You know that moment when you take in those Y12 scripts in the Summer Term? You know the ones where students have just had their first crack at an essay on ‘assess Functionalist explanations of crime’? And you find yourself freaking out because the leap between AS and A2 is such that many students are struggling with the conceptual detail that they just ‘lob it all in and hope some will stick’. It’s what as an examiner we called the ‘kitchen sink approach’ – that very undiscerning technique where students write reams and reams on knowledge – usually listed – and with very little focus on the question given and a tendency to treat material on face value – don’t illustrate points and side-step analysis and evaluation. Well I found myself there today, in fact I have done so for over 20 years in the sociology classroom….it truly is a space in time…like on the cusp of childhood innocence and the realms of adulthood.

It was clear from assessing these scripts that now more than ever there needs to be greater differentiated targeting of expectation/modelling with scafffolding to enable students to make specific gains in the short term.

The following resources were developed to enable students to focus on a number of literacy areas:
– Structure
– Paragraph style
– Evaluation

The context of the lesson resource is for crime and deviance – slotted in between Functionalist and Subcultural Theories of Crime/Deviance. Students used this session to develop their technique for this essay.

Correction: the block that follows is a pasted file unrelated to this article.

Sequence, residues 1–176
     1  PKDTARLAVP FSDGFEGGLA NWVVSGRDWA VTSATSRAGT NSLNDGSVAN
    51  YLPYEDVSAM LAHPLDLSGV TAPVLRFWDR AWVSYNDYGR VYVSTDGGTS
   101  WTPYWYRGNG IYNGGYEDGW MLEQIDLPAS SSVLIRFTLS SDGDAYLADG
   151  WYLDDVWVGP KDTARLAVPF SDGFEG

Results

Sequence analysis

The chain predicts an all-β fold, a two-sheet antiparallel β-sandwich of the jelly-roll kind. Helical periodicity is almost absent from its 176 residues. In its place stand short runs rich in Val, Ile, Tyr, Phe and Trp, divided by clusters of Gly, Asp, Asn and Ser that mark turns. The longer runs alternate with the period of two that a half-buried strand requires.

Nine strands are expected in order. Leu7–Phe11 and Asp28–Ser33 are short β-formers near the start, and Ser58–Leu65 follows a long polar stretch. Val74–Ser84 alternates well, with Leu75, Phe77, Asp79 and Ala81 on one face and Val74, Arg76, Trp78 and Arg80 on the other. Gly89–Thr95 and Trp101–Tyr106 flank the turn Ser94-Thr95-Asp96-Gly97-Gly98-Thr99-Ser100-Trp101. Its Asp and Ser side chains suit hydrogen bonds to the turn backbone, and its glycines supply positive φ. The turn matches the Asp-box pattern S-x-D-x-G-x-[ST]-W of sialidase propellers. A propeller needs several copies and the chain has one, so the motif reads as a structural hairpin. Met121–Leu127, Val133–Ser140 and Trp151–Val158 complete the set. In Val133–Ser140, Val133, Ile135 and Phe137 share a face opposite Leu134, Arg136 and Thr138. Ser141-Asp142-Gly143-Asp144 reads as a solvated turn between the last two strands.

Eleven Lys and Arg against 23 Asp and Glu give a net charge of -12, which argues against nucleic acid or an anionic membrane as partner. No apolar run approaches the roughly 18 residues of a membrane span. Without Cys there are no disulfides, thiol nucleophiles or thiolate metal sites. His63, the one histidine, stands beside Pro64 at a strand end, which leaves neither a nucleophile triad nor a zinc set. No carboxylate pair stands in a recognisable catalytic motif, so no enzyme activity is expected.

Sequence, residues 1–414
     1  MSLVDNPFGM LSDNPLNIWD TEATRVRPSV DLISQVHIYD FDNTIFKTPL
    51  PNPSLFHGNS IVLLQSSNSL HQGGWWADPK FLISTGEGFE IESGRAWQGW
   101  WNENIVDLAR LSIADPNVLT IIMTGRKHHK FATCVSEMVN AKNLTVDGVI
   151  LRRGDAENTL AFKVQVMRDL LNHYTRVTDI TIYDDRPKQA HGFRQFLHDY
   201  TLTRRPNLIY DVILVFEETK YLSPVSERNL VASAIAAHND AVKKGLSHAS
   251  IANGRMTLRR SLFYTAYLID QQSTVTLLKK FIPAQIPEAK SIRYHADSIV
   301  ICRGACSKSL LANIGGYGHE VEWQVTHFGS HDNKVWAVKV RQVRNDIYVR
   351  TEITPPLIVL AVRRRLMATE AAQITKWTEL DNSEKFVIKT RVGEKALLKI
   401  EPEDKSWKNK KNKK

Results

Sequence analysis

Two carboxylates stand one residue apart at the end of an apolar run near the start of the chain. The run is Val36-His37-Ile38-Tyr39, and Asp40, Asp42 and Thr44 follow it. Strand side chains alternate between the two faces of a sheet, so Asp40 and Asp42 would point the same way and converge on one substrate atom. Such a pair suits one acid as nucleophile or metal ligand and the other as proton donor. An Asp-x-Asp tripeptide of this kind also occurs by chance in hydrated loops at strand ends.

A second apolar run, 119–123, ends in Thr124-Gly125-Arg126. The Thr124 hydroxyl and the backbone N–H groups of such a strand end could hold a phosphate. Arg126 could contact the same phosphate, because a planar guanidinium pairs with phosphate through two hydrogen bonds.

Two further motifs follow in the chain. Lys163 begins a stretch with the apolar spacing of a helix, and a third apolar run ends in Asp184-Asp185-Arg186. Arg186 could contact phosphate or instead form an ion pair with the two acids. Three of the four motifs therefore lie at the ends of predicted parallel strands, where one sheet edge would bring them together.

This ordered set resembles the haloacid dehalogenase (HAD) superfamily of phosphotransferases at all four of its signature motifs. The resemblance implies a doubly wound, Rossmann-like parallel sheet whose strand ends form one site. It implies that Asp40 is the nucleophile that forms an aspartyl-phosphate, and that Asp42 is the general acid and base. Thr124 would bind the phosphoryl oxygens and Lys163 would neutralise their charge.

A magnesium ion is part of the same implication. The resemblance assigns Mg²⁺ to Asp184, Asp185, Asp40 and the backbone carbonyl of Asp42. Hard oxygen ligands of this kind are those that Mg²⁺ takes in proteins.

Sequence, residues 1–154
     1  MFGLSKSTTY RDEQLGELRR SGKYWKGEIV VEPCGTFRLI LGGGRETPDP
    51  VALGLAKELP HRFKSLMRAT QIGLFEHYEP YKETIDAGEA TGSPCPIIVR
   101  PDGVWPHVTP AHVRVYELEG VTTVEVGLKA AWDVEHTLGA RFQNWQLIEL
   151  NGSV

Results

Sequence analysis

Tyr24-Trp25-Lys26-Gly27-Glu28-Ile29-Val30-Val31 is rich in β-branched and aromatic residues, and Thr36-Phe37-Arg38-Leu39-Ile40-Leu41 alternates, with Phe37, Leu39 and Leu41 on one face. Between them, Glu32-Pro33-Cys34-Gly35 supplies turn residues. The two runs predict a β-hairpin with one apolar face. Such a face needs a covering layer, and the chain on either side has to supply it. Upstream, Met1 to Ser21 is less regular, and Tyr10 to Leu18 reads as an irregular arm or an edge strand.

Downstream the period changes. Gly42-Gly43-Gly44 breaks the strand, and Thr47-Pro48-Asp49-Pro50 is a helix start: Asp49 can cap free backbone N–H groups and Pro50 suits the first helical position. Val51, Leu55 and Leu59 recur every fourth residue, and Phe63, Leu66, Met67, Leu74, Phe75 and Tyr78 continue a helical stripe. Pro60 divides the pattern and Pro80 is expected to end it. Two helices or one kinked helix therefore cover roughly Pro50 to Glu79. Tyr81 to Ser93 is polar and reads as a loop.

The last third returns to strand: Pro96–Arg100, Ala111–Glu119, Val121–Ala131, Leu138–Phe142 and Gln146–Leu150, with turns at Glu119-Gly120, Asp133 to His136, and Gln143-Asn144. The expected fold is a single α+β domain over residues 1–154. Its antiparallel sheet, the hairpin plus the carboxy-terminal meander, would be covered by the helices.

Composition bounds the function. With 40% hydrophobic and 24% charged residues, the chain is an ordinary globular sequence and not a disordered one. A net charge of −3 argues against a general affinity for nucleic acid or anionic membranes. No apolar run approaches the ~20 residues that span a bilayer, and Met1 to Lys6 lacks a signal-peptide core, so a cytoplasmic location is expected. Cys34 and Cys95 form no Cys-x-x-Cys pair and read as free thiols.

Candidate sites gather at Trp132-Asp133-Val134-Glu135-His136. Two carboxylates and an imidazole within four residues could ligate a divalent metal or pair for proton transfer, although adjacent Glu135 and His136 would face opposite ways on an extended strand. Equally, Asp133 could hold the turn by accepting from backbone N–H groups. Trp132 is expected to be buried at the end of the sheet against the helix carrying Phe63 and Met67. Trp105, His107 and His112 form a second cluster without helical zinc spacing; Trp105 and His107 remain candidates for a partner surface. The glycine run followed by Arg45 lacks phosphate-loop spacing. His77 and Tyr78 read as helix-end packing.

The resources

How useful are subcultural theories to an understanding v2How useful are subcultural theories to an understanding v2

The lesson structure
1. Students were handed back an essay and asked to use the comments to set targets and to also apply the crude ‘success criteria’ to this.
2. Expo on structure for essays and how this dove-tailed with the Literacy skills ladder (slide 6) – this faciltated a discussion of AO1/AO2 skills/Bloom’s Taxonomy tied in with ‘effective writing’.
3. The PEELE structure was shared along with modelled paragraph (slide 8). We discussed how this sructure related to the literacy skills ladder.
4. In pairs students graded another ‘weaker’ pargraph. These were printed as full slides and students listed the ‘even better ifs’ and graded it using the success criteria. Then they ammended the paragraph with their own improvements. Students then used the ‘visualiser’ webcam to share their work with the rest of the group- where they then peer assessed and offered ideas for further improvement (not exactly Austin’s Butterfly – but same ball park!).
5.Students then engaged in an activity to help plan their subcultural theory essay. They were given a series of jumbled up concepts/thinkers/tips and firstly had to put together the related concepts which ones could be included in a paragraph on Albert Cohen etc. This was all about structure because they had to sequence each section in a sequence that would flow (see slide 14). They then had to add any explanations/examples/evaluation points to these points (see slide 12).These were taken and used for developing essays.
6. Students also had one of two ‘tips’ cards given to them (some had both)..these were basic guidance on evaluation (grade C/B) and also on contrasting theories (grade A). They will be particular attention to these in their subcultural essay and receive feedback regarding this.
7. Lesson concluded with the post it exercise to give teacher more insight into further needs.

It was a good lesson and am hopeful of impact – will upload examples in my future blogs to see how we get on.

Hope you find it useful.

All the best,